concert photography

Discussion in 'Photography Beginners' Forum' started by pattt718, Dec 7, 2017.

  1. pattt718

    pattt718 TPF Noob!

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    Hello,

    I am new when it's about photography but lately I've been really into concert photpgraphy but i don't really know what kind of lenses are the best for that.

    I've got Canon 70D with kit lens and Canon 24 mm.

    Which lenses are the best for that kind of photography ? I would like to buy one wide angle and one zoom because I'm thinking about shooting big venues.

    Thanks for help


     
  2. ac12

    ac12 No longer a newbie, moving up!

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    What kind of concert?
    - Symphonic is different from rock.

    How far are you from the stage?

    Lighting: indoor, outdoor day, outdoor night, all of these?

    How much gear can you carry?
    f/2.8 wide and tele zooms will feel HEAVY after carrying them for a few hours.
     
  3. pattt718

    pattt718 TPF Noob!

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    Mostly indoor rock. Vanues that I have on my mind are pretty big so that's the reason why I'm thinking about zooms and I'm aware that they might be heavy but I am not really sure witch one should I choose since my camera is not ff and I don't wanna waste money on sth what might not be necessary in this case.
     
  4. ac12

    ac12 No longer a newbie, moving up!

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    80-200 f/2.8 IS
    • You need the large aperture, some venues are dim, and you will need the speed.
    • You probably cannot use a tripod, so you need IS.
    • On a 1.5x DX crop camera, the 80-200 is equivalent to a 120-300 on a FX body.
    If you want a wider shot, add the 24-70 f/2.8

    This is the standard PJ kit.
     
  5. Overread

    Overread has a hat around here somewhere Staff Member Supporting Member

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    Be aware that some venues have an official photographer and can have restrictions on fan photography; and typically if they see you carrying a "big camera and lens" they might well not allow you to take it in (partly on the assumption that anyone with a camera and lens that big is a pro going to work not a fan). They might also not allow entry for bigger gear on grounds of health and safety and also property security (everyone's dancing, someone spills a drink on your expensive lens or knocks it out of your hands).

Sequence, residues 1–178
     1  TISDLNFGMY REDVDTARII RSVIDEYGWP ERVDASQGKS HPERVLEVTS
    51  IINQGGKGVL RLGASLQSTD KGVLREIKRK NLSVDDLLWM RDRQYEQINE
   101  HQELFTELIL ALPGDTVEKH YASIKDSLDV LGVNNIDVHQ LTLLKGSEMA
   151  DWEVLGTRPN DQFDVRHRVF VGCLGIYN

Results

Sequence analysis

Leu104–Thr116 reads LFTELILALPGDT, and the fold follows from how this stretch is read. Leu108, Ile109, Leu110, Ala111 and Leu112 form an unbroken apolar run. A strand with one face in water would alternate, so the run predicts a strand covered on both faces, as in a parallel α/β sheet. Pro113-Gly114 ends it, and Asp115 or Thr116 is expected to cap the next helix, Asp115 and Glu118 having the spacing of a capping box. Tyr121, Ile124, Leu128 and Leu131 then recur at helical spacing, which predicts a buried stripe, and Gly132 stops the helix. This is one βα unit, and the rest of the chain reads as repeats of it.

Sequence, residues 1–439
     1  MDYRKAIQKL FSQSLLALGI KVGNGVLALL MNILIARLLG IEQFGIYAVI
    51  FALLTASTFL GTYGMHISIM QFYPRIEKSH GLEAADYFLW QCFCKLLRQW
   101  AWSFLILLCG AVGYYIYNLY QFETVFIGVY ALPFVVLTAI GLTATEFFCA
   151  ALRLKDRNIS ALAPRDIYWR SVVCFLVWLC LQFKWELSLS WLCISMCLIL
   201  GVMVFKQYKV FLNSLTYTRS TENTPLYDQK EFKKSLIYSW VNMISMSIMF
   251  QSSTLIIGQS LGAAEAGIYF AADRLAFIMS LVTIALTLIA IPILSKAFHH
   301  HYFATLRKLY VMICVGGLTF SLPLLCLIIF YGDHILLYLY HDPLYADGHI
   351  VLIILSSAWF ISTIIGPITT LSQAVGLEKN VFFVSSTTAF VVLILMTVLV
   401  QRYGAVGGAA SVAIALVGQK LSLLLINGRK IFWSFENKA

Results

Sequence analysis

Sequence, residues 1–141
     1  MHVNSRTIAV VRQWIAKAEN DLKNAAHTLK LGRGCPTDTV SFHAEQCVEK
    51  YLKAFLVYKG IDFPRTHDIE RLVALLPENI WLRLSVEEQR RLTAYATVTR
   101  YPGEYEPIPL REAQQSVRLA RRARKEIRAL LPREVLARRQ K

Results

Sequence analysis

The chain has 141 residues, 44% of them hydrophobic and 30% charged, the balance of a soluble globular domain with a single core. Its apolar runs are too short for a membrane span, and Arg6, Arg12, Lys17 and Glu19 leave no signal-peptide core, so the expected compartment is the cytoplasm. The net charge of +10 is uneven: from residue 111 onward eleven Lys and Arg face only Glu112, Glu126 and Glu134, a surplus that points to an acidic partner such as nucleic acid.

For music concerts a few thoughts

    1) The lighting is BAD. No ifs or buts, from photography points of view the lighting will be bad. In fact I'd say its one of the most challenging situations to shoot with the light effects.

    2) You ideally want a lens with a wide aperture (small f number) to help gather as much light as possible. This helps with your exposures AND your auto focusing system.

    3) f2.8 or wider (smaller f number) is likely going to be what you're after. If you're a long distance away then you're limited to f2.8; if you're closer options broaden out as you gain the options like 50mm f1.4, 85mm lenses etc... Which offer you a much wider aperture; but you'll either have to have wider shots or be a lot closer for those to work (eg if you want to isolate the performer on stage).

    4) The crop cameras perform well and high end (L) lenses work great on them. Indeed many of the wide aperture lenses you're going to need are going to be in the top end of the market. This means a higher price tag a well.

    5) Fullframe would be the favoured choice since it gives you a wider angle of view compared to crop sensor, which is of benefit when working indoors and closer to subjects. Fullframe generally also have superior high ISO noise performance. The 70D is no slouch, but fullframe options from the same generation of cameras or newer, will have improved high ISO performance. That means being able to shoot shots clearer and with less light.